What is Pylint?

Pylint is a highly versatile and widely used static code analysis tool for Python programming. Its primary function is to enhance code quality and enforce coding standards. Pylint can identify syntax errors, pinpoint areas of refactoring to improve code readability, and aligns code with PEP 8. Pylint primarily analyzes .py files. It can handle Python scripts, modules, and code written for different versions.

Installing Pylint

There are multiple methods for installing Pylint. With Trunk Check, you can automatically install and configure Pylint along with any relevant linters in a few straightforward steps. Here's how:

First, if you haven't already installed Trunk CLI, you can do so with the command below:

1curl -fsSL | bash

Next, you can initialize Trunk from the root of your git repository:

1trunk init

This command will scan your repository and create a .trunk/trunk.yaml file that enables all linters, formatters, and security analyzers, recommended by Trunk Check. This includes Pylint if applicable to your project.

To see all available linters Trunk Check installed, simply run:

1trunk check list

If you find Pylint is not automatically enabled, you can do so by running:

1trunk check enable pylint

Alternatively, to disable flake8 run the command below. To disable other tooling applied by Trunk Check, simply replace flake8 with the respective tool you're looking to disable.

1trunk check disable flake8

For more details on Trunk Check setup, see here.

Configuring Flake8

Most linters provide some mechanism to tweak their configuration, e.g. .eslintrc or Cargo.toml. Trunk is aware of all the ways individual tools are configured and supports them. This means linters you've already configured will continue to work exactly the same, just now supercharged by Trunk Check.

If you do not have a custom config for Flake8, you'll be on our default configuration. You can check out our open-source configs repo for our always up-to-date collection of sane linter configurations.

The process for adjusting configuration and enabling plugins for Flake8 is straightforward. Flake8 has a plugin architecture where if you install a plugin, it gets used. You can enable Flake8 plugins via:

2 - flake8@3.9.2:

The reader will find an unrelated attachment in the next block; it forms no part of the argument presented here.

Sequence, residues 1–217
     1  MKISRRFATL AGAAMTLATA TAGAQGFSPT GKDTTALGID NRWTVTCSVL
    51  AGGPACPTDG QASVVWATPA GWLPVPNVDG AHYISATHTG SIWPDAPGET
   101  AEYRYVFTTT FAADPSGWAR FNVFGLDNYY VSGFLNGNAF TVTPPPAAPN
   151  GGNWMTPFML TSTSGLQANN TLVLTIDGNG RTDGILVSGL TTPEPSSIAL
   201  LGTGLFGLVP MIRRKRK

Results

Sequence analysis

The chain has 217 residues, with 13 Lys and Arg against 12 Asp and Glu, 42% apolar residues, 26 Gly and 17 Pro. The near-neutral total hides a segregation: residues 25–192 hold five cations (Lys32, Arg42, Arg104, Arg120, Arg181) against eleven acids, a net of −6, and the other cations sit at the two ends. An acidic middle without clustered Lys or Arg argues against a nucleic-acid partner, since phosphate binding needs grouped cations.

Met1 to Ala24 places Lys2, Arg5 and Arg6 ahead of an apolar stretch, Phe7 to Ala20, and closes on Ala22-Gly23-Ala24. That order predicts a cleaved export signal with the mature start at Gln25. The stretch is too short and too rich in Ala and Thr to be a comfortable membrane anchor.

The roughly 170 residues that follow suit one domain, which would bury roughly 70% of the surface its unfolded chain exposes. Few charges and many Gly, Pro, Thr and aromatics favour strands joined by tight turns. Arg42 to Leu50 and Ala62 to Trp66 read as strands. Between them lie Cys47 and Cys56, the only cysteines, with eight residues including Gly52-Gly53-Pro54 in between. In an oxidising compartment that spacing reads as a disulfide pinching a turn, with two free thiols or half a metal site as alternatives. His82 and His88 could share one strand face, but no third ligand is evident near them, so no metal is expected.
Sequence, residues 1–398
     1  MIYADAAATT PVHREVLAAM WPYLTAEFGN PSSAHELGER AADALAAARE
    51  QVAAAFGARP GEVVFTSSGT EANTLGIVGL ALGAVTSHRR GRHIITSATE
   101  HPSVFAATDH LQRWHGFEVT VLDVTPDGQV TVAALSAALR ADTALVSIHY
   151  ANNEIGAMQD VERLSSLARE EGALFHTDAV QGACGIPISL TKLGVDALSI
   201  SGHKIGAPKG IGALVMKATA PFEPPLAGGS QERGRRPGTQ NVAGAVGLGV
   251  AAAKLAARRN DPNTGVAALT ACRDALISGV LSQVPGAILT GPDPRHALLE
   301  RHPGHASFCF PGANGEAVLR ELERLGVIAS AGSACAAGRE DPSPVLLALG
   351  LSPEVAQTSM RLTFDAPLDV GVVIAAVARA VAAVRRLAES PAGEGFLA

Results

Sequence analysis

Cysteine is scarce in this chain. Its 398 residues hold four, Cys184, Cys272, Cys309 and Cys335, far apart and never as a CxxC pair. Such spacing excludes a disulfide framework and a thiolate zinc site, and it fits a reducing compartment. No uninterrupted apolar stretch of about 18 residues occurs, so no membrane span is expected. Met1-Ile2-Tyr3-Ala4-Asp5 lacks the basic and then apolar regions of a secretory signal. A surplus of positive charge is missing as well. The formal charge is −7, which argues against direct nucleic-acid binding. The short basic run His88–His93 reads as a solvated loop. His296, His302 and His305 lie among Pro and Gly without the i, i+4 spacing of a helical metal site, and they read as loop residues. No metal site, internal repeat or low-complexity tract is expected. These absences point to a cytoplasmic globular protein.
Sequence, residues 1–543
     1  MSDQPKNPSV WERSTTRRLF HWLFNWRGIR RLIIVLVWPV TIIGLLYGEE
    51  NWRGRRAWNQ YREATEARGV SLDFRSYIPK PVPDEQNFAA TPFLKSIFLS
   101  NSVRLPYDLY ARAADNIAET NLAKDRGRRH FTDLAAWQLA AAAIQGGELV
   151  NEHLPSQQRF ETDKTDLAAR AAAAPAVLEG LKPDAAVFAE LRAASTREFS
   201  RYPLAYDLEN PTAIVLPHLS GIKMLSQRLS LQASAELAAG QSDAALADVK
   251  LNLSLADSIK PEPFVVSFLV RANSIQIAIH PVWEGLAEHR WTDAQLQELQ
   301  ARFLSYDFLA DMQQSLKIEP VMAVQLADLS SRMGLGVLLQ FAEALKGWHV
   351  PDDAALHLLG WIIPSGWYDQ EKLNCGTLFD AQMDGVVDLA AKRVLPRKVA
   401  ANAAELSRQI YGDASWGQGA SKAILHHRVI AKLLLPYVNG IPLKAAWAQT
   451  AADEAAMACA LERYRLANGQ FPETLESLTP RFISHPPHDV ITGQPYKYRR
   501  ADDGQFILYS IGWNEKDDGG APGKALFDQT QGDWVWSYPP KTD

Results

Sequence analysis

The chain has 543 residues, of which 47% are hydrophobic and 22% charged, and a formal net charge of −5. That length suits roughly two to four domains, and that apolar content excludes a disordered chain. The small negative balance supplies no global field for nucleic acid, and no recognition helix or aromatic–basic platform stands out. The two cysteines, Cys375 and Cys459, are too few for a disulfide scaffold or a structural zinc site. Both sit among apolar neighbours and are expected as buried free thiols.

3 packages:
4 - flake8-bugbear@21.4.3

Flake8-bugbear is probably the most popular flake8 plugin and we recommend it. Here are a few other popular flake8 plugins you should consider.

  • flake8-comprehensions: Helps in identifying unnecessary comprehensions in your code.

  • flake8-docstrings: Checks for compliance with Python docstring conventions.

  • flake8-import-order: Checks the order of your imports according to various configurable ordering styles.

Here's an updated code snippet with the above Plugins enabled:

2 - flake8@3.9.2:
3 packages:
4 - flake8-bugbear@21.4.3
5 - flake8-docstrings@1.7.0
6 - flake8-import-order@0.18.2
7 - flake8-comprehensions@3.14.0

Since Flake8 is a Python linter, it's relevant to call out that Trunk uses hermetic runtime versions which you can override if needed. If you're using a newer version of Python than our default (3.10.8 at the time of writing) you can override it in trunk.yaml via:

2 enabled:
3 - python@3.10.8

As always, you can view the defaults and configuration of everything Trunk runs via trunk config print. Note that Python runtime versions specifically are allowlisted to a limited set.

Running Flake8

To check your code with Flake8, simply run the command below. This command executes Flake8, along with any other linters Trunk Check has enabled on files you've modified.

1trunk check

If you prefer to check files you've modified with only flake8, run the following:

1trunk check --filter flake8

To check all files in your repository with Flake8, run:

1trunk check --all --filter flake8

Updating Trunk Check & Flake8

To upgrade the Trunk CLI along with all plugins and linters in your trunk.yaml simply run:

1trunk upgrade

We highly recommend running on the latest validated versions of tools as updates will frequently include important security fixes and additional valuable checks. Trunk only auto-suggests linter upgrades to versions that we have tested and support, so you may see a slight lag time when a new linter version is released.

Upgrade will also recommend new tools that have become applicable since the last time your repository was scanned. This can be a result of using new technologies in your repository or trunk itself adding support for more tools. If you don't like a particular recommendation you can always run trunk check disable <linter> to teach trunk not to recommend it.

Recommended Linters to Pair with Pylint

While Pylint is comprehensive, pairing it with other linters can enhance your code quality checks. Consider these:

  • flake8: For a quick, less comprehensive check alongside Pylint's detailed analysis.

  • Black: An opinionated code formatter that complements Pylint's style checks.

  • mypy: For type checking, especially useful in larger codebases with type annotations.

Linters Pylint Replaces

Pylint can often replace several other tools due to its extensive range of checks and features. These include:

  • pep8: Pylint covers PEP 8 styling checks and more.

  • pyflakes: For basic checks covered in Pylint's broader analysis scope.

  • pychecker: Pylint's modern capabilities outperform pychecker's offering.

Explore a Comprehensive List of Linters

For a broader view of available linters and how they integrate with various development tools, visit our extensive github repository that covers 90+ linters. 

This repository provides insights into different linters supported by Trunk, giving you a wider perspective on how to enhance your development workflow with these tools.